What is Mortgage Insurance?
Mortgage Insurance, sometimes referred to as Private Mortgage Insurance, is an essential element of the home buying process. By making it possible for a homebuyer who does not meet the qualifications to receive a mortgage loan, mortgage insurance, provides assurance to the lender in the event that the borrower is unable to continue making their mortgage payments.
Mortgage Insurance, therefore, lowers the risk to the lender of loaning to an unqualified borrower and benefits the borrower by making it possible for them to receive a mortgage loan and purchase a home, they would otherwise be unable to purchase.
There are many types of loan programs that require mortgage insurance, and some that allow borrowers to roll insurance premiums into their monthly mortgage payments. To help you decipher which programs require which types of insurance plans, we’ve compiled a list for you below!
- Conventional Loans. Conventional loans require private mortgage insurance and vary depending on the amount you put down and your credit score. Insurance payments are made monthly and have little or no cost due at closing. One of the perks of conventional loans regarding mortgage insurance is that homebuyers – who put less than 20% down – can cancel their insurance once they own 20% equity in their home.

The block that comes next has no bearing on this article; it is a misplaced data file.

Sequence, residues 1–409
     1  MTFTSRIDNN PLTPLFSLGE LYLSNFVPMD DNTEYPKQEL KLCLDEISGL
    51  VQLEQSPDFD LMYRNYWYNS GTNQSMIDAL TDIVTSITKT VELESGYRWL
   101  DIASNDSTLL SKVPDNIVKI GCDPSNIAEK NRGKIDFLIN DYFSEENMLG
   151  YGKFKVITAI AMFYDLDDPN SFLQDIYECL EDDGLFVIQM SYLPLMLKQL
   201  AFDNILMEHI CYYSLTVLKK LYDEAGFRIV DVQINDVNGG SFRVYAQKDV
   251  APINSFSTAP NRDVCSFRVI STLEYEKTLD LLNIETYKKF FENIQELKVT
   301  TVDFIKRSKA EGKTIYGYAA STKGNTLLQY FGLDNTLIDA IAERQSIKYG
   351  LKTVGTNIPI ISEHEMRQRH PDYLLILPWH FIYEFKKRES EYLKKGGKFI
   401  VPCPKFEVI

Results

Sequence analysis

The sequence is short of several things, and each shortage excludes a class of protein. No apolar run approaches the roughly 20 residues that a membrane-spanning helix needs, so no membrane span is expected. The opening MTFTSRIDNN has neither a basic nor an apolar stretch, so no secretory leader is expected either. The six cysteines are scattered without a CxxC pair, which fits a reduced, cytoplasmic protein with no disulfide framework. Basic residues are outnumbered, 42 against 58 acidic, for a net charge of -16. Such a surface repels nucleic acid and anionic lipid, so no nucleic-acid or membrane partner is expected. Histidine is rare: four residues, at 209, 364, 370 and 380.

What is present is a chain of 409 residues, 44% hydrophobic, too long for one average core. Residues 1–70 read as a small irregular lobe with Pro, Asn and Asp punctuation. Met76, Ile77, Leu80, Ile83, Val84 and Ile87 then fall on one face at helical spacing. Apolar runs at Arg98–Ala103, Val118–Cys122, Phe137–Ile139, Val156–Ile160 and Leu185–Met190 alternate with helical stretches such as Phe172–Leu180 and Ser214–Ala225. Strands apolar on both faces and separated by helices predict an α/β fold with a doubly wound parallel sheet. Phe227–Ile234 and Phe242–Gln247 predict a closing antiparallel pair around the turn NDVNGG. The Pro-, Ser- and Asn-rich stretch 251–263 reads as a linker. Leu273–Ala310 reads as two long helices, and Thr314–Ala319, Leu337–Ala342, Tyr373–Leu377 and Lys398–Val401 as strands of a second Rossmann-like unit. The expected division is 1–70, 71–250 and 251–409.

- FHA Loans. Though mortgage insurance is required for FHA loans, it differs from conventional loans as it does not depend on a borrower’s credit score. For this type of loan, insurance premiums change if a borrower puts less than 5% for their down payment. For FHA loans, insurance is included in the upfront cost, closing costs, and monthly payments.
- USDA Loans. Like an FHA loan, a USDA loan with an insurance premium includes costs at closing as well as in monthly payments. However, USDA loans typically have a lower insurance rate than FHA loans.
It is important to note that for both FHA and USDA loans, the borrower has the option to roll the upfront portion of their insurance premiums into their monthly mortgage payments, rather than paying out of pocket. However, this option will increase both the borrower’s loan amount and overall costs.
- VA Loans. A much different type of loan program from the rest, VA loans are not required to have monthly insurance premiums, however, they do require an upfront funding fee that is based on a few factors.
These are, type of military service of the borrowers, the amount the borrower can put towards their down payment, disability status, whether they are buying or refinancing their home, and whether or not it is their first VA loan.
Like in the case of FHA and USDA loans, borrowers can roll this upfront funding fee into their monthly mortgage payments, but it will increase their loan amount and overall costs.